RG KAMEI, ET AL, PROC. R. SOC. B, 2012
A new family of legless amphibians was discovered living 16 inches deep in the soils of northeast India. Named chikilidae, the family belongs to the rarest and most primitive of the amphibians—the Caecilians—an order of limbless, underground-dwelling, smoothed skin animals that bypass the larval stage of development.
It took researchers 5 years and around 250 digging expeditions to identify the skittish, underground creatures as a distinct and previously undescribed family of amphibians. DNA testing revealed the chikilidae diverged from their closest African relatives around 140 million years ago.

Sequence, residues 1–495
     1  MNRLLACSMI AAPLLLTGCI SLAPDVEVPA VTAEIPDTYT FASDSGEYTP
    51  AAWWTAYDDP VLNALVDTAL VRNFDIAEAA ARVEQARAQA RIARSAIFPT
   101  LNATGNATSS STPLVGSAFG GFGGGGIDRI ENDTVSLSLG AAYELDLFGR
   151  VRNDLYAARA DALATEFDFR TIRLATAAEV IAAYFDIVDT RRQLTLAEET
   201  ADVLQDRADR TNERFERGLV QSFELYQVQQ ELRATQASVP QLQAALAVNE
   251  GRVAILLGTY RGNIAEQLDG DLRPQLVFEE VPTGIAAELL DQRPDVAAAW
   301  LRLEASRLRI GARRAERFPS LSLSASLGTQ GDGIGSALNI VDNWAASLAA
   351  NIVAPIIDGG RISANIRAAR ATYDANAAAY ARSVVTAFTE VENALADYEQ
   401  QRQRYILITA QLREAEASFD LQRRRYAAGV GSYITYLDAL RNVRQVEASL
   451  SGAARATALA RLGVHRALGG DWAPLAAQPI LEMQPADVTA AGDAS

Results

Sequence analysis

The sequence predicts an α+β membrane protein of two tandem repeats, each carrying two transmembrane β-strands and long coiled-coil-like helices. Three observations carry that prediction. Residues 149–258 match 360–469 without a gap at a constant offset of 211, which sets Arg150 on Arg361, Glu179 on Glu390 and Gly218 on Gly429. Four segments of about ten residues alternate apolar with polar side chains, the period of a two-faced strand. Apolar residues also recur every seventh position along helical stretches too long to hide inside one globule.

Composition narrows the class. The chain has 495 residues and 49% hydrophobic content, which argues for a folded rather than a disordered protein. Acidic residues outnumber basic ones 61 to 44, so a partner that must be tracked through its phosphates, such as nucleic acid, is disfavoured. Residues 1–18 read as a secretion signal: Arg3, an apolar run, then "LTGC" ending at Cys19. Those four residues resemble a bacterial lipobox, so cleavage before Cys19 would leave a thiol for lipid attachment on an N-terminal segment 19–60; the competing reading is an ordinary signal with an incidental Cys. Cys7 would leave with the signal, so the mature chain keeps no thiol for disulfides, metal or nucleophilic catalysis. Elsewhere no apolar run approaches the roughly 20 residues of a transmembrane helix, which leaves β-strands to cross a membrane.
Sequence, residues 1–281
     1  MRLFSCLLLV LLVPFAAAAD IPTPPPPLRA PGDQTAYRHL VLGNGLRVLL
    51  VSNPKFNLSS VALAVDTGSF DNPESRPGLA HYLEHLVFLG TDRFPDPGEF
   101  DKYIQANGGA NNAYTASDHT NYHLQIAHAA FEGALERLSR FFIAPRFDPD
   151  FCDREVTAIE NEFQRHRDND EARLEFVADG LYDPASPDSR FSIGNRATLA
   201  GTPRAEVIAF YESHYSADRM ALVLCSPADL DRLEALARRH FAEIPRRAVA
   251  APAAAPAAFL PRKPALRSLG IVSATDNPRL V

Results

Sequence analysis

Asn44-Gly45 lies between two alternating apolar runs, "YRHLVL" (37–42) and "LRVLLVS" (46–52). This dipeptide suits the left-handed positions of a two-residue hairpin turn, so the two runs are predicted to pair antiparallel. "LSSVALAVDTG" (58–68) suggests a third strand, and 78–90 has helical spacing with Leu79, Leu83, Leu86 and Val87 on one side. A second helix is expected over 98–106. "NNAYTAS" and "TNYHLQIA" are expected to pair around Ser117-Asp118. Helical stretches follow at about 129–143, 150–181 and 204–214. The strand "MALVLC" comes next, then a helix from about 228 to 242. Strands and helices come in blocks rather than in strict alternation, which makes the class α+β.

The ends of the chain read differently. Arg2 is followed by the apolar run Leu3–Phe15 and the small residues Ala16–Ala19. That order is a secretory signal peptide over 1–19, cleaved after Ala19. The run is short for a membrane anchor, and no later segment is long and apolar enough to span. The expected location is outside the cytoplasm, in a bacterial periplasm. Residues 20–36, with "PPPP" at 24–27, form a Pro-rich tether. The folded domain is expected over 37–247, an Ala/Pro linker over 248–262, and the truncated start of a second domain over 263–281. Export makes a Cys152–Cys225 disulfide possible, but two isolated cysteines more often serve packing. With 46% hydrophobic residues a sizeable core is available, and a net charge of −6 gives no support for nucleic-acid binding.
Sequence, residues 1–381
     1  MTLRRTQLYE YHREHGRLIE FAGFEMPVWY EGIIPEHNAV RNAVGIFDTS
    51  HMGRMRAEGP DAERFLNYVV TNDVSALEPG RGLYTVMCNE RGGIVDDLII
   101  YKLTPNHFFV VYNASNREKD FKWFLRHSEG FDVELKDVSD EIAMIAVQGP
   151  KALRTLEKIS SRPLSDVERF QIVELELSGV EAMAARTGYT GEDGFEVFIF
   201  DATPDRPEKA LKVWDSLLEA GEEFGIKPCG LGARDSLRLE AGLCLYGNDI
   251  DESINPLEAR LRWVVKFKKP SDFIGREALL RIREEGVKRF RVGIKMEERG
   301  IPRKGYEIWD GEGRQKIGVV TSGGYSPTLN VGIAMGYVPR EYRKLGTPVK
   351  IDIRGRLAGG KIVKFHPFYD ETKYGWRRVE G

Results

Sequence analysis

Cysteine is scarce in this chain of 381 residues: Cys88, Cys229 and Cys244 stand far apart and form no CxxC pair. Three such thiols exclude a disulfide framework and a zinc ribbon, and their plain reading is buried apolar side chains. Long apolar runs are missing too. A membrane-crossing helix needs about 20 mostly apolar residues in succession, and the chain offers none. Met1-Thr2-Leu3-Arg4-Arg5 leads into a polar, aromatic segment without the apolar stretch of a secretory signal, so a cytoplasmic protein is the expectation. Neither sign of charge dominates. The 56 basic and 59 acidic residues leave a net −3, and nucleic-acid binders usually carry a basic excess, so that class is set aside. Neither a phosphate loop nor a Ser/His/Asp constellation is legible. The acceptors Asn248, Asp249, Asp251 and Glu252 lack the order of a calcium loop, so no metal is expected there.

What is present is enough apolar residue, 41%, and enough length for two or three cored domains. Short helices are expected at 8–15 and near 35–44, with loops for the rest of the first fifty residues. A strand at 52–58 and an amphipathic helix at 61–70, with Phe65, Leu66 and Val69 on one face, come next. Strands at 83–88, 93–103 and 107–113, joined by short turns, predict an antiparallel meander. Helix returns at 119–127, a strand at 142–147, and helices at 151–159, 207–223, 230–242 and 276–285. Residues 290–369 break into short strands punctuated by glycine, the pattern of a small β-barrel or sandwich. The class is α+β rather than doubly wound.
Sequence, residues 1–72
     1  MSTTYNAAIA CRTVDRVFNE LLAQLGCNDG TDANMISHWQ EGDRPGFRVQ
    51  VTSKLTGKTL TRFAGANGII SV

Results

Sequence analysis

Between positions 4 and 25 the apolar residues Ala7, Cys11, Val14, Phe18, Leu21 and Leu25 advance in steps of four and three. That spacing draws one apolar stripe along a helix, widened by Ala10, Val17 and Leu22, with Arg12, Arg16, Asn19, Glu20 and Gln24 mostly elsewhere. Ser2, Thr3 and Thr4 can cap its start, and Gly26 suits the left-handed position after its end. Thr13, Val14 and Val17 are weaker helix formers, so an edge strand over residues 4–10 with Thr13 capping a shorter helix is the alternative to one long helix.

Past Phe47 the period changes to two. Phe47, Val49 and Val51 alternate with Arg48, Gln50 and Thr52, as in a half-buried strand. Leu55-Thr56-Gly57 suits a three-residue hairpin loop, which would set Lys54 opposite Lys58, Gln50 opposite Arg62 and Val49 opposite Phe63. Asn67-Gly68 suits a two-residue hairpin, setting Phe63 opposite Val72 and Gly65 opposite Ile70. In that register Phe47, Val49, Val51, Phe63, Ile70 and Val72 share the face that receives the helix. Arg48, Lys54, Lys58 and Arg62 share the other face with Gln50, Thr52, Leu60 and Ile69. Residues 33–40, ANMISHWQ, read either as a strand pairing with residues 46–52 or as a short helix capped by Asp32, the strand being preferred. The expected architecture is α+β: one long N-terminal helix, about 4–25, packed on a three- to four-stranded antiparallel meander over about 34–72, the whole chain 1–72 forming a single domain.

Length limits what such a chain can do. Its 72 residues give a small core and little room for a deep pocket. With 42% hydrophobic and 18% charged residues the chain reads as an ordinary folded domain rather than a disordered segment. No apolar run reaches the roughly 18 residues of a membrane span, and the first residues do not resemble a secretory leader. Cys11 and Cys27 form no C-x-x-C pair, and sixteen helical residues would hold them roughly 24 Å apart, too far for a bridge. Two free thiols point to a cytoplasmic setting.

Reporting in the journal Proceedings of the Royal Society B, the researchers describe
the chikilidae as hard-skulled worm-like amphibians fit for drilling into hard soils. "It's like a rocket," Sathyabhama Das Biju, a herpetologist at the University of Delhi told the Associated Press. "If you miss it the first try,...
The chikilidae grow to up to 4 inches in size and will go without food for as long as 50 days in order to remain with their eggs until they hatch.
"We found them not only in the forest area but also very close to human settlement," Biju told BBC News. "So conservation of this group is extremely challenging."